for Pat Adair, and the people who love her...

Our beloved Pat got some shocking news recently, and we're off and running on a mysterious medical adventure. Not an adventure we would have picked, but we're off just the same... (If you're new to the blog, start here.)

Tuesday, January 22, 2008

One foot in front of the other

All is well, more or less. Mom is still in pretty good spirits, and she's not dancing or playing the piano any less than she was before the diagnosis. She hasn't danced in years and doesn't know how to play the piano, so I guess that's not so surprising. She's going in for her first chemo treatment this Thursday morning, and both Mike and I are going to accompany her.

The main drug she'll be taking is called Gemzar, and it doesn't have many side effects for most people. She's also signed up for a clinical trial of a new unproven drug, taken as a pill, that seems promising. Today, though, they said her bilirubin count was too high for the trial. She had a new blood test, and we'll find out Thursday whether she still qualifies for the trial. It's a blind trial, with only 50% of the patients getting the actual drug, and the rest getting a placebo. Yeah, I know - that's too much information. Mom doesn't have much energy or appetite, and her hip is still quite painful. Her doctor is going to contact her for the shot into her hip joint that should help.

We had a nice 3-day weekend just passed. Mike and Mary came down with their youngest daughter Brooke, and we hung out at the house before having a good Italian dinner that night. And Mom and I went to see "Atonement." It wasn't quite the traditional love story that Patio had in mind, but we liked it.

I'll write again a few days after the chemo and let you know how it's going. Write a comment on the blog, gol durn it, and I'll see that Mom sees it. If you want to be notified when new postings are on the blog, you can sign up with your e-mail address on the Google Groups box on the right side of the page, and you'll be notified. (You'll only get messages about the blog - nothing else.)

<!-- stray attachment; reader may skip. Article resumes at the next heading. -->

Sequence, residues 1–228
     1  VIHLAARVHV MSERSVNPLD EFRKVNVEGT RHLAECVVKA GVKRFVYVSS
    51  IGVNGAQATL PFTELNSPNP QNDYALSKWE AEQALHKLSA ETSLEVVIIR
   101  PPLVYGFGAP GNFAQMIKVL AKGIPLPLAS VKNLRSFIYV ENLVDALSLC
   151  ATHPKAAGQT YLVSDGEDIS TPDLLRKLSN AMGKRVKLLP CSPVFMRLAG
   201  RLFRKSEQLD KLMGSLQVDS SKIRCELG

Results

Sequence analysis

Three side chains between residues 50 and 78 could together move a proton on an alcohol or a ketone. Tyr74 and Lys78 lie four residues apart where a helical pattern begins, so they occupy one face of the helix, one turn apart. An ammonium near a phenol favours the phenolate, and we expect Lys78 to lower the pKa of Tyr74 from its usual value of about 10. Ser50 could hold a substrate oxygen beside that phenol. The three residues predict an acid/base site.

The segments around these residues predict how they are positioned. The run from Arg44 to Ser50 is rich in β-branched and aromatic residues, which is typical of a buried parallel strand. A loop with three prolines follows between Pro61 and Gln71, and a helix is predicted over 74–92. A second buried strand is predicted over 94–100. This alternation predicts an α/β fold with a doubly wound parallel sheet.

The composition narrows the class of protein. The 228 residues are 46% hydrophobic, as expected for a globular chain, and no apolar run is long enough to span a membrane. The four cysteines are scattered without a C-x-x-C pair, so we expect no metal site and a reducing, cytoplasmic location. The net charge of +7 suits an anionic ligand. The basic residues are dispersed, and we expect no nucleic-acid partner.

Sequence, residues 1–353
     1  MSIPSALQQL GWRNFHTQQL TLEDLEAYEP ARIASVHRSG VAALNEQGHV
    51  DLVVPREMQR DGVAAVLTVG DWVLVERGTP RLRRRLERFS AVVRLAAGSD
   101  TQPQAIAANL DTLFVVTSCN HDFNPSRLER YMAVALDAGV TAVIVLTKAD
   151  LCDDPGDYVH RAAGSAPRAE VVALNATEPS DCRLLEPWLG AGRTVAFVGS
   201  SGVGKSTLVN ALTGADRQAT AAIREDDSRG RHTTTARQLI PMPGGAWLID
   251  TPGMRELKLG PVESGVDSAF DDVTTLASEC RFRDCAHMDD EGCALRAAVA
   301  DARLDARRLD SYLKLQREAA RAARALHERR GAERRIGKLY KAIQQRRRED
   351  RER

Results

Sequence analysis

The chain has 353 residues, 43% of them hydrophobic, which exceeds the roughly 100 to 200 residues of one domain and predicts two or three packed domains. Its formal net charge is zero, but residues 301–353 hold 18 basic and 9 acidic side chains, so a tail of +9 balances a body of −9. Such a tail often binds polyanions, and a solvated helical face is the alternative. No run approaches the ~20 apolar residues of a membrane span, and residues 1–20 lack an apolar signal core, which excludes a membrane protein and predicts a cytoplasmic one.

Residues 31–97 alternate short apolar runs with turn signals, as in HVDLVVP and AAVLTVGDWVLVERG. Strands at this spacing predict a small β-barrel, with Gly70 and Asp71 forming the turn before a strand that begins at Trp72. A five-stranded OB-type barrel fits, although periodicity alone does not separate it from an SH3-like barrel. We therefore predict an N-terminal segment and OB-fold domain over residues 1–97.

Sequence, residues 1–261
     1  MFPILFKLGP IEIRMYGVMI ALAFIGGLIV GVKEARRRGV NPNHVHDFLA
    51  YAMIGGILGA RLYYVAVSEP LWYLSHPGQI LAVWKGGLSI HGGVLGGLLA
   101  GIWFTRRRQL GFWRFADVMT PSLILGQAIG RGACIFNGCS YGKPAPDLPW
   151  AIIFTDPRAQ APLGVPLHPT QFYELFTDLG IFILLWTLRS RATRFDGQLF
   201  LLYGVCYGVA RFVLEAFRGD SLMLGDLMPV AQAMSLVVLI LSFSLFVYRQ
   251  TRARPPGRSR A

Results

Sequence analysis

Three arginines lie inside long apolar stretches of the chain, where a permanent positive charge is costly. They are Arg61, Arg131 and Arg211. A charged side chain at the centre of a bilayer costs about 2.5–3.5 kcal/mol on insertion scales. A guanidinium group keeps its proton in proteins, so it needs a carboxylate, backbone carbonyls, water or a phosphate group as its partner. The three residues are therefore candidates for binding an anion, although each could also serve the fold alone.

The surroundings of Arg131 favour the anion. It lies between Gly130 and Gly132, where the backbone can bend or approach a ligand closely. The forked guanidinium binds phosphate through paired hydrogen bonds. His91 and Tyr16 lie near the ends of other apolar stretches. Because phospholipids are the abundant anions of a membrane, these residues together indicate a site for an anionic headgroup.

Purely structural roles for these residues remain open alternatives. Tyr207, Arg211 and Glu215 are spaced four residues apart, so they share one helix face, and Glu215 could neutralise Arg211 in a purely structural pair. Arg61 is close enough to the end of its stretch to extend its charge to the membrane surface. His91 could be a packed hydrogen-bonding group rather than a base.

Lastly, here's a great photo of Mom when she was about 14, with a neighbor of hers:

Stay in touch - call Patio - write a comment!


Saturday, January 12, 2008

The news we feared

Mike and I went with Mom to the oncologist appointment on Friday, and heard what we were afraid we might: Mom has pancreatic cancer, which is treatable, but not curable. The prognosis, then, is pretty bleak - around 25% to 30% of patients will still be alive a year after diagnosis.

The doctor recommends chemotherapy, which in this case sounds like an easy decision in part because most people handle the treatments well, with little nausea and fatigue, and no hair loss. To balance that, lest you get too enthusiastic, is the fact that a relatively small number of patients with this cancer actually benefit from the chemo. The plan is for once-a-week chemo treatments for three weeks, then a week off. This continues for as long as the body tolerates it and as long as it shows benefit. She'll probably start late next week.

I guess that all qualifies as bad news. Is there good news? Mom is a little shocked, like the rest of us, but is in good spirits, amazingly enough. I can't speak for her, but I think we have a lot of things to be grateful for.
  • We have a large and loving extended family, and we had a wonderful Christmas in Utah.
  • Mom is a member of the Mormon church, and they've been incredibly supportive and generous.
  • She also has a lot of good and generous friends who are offering meals, help with errands, and friendship.
  • We have my brother Mike, who has been a pillar of strength during this event and last year, going through his own medical crisis when he had a brain tumor removed.
  • When my Uncle Bob, Pat's brother, died 15 months ago, we had his family to show us how its done - how to be present and loving and supportive as Bob died.
  • And for now, I have my loving Mother. I'm glad I get to spend a lot more time with her during this precious time. Time is always precious, but we rarely know it...
I have one request for the people reading this: don't go silent on us. A lot of times people don't know what to say, so they don't say anything. Or they don't want to feel awkward. Well, feel awkward, don't worry so much about saying the right thing, and post a comment, or call, or write an e-mail. It's a precious time. Like it always is...

Much love,

Friday, January 11, 2008

On our way to the oncologist

I forgot to tell you that Mom's oncology appointment was moved from Wednesday to today, Friday, at 4:00. Mike and I are going with her.

We're looking forward to getting some answers, even though we're not sure we'll get the answers we want to hear...

Saturday, January 5, 2008


This is Dave writing. Mike and I brought Mom home from the hospital today and she had two meals in the fridge from friends in short order. Mom's happy to be home, but is tired and is surprised how difficult it is to walk, given the pain in her hip. She'd still appreciate company, so feel free to call or come by, but call first.